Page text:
The pandemic has changed everything, including job questions. Any conversation you have in the near future is likely to at some point touch on the coronavirus pandemic, including in a job interview. Both recruiters and hiring managers are likely to touch upon the subject, so here’s the most common ones we found and how to answer them:
“How Did You Cope With Being In A Pandemic, But Also Needing To Be Productive?” or “How Have You Been Spending Your Time?”
This question can be answered in many ways, but the hiring manager is asking about how you were proactive under stress. While any job will have a version of stress in it, everyone understands that it won’t be the same as the stress from a pandemic. They are looking to see if you were resourceful and if you can bring that value to the company. This would be the time to mention if you’ve been doing any volunteering or taking any online classes or upskilling in some way. It is important that you show that you’re steady under pressure and focused on the long term.
“When The Coronavirus Is No Longer A Threat, Are You Comfortable Working On-Site?”
This question will be most likely asked from companies that aren’t planning on staying remote and will be asked in the beginning of the interviewing process. If you’re not willing to work from a workplace in the future, you may want to consider only applying to positions that have the word “remote” or “work from home” in the job advertisement. Otherwise this may be something to discuss with the recruiter or hiring manager.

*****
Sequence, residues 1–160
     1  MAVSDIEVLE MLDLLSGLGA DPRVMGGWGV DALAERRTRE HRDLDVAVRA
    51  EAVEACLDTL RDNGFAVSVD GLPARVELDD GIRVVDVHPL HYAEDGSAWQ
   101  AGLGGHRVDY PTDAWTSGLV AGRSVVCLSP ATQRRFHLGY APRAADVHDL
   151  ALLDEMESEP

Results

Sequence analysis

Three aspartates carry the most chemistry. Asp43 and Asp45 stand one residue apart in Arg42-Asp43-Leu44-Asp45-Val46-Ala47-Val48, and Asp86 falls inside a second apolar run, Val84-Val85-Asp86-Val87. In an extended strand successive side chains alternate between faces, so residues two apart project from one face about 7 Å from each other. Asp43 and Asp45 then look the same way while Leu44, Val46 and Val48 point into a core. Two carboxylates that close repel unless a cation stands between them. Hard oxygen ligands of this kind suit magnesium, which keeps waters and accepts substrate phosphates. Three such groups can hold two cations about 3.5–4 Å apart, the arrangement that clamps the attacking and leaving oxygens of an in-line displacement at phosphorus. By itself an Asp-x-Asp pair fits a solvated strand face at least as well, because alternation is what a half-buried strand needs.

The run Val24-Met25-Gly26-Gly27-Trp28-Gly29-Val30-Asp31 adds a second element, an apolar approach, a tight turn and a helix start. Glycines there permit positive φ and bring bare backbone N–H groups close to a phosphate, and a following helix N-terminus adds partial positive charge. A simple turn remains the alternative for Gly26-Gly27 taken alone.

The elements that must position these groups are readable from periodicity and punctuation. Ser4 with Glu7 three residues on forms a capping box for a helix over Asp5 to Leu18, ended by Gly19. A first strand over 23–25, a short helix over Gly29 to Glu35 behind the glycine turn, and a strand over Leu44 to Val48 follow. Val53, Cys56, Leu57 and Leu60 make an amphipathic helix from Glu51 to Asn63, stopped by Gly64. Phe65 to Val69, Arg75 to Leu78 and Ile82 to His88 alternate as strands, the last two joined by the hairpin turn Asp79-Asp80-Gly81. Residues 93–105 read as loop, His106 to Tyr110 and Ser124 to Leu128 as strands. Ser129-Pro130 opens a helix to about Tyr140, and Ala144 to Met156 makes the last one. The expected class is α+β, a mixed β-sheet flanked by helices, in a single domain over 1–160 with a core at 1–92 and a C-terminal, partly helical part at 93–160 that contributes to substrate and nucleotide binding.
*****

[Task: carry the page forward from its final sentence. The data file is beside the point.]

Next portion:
From manufacturing to healthcare and everything in between, there are entire industries that will require re-opening physical locations and will require employees to work on-site. When going into an interview, be prepared with your answer. Make sure that you know how they’re going to make the decision of returning to the workplace in-person or not. For instance, will it be based off of the amount of cases
Pandemic Job Questions To Ask The Hiring Manager
You may need to know if they’re hiring remotely or if your first day would be days or months in the future, as that would make a difference to both your bank account and whether you accept the position. Plenty of places that do require employees to be on-site have also changed due to the virus, with manufacturing warehouses spacing work stations to be 6 feet apart or other places requiring masks. Be sure to ask ahead of time what differences the company has made so that you can be prepared. After all, you want to make sure that your health isn’t going to be compromised by taking this position!
Don’t Forget To Practice
Before logging onto a video interview, be sure to do a few mock interviews ahead of time. Make sure that the lighting, camera angle, and presentation is what you’d like to show. Zoom and Skype interviews are still interviews!
Check out our list of tips for specifically video interviews: 15 Most Powerful Video Interview Tips for Skype or Zoom
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And as always, be sure to follow the CDC guidelines when going to work.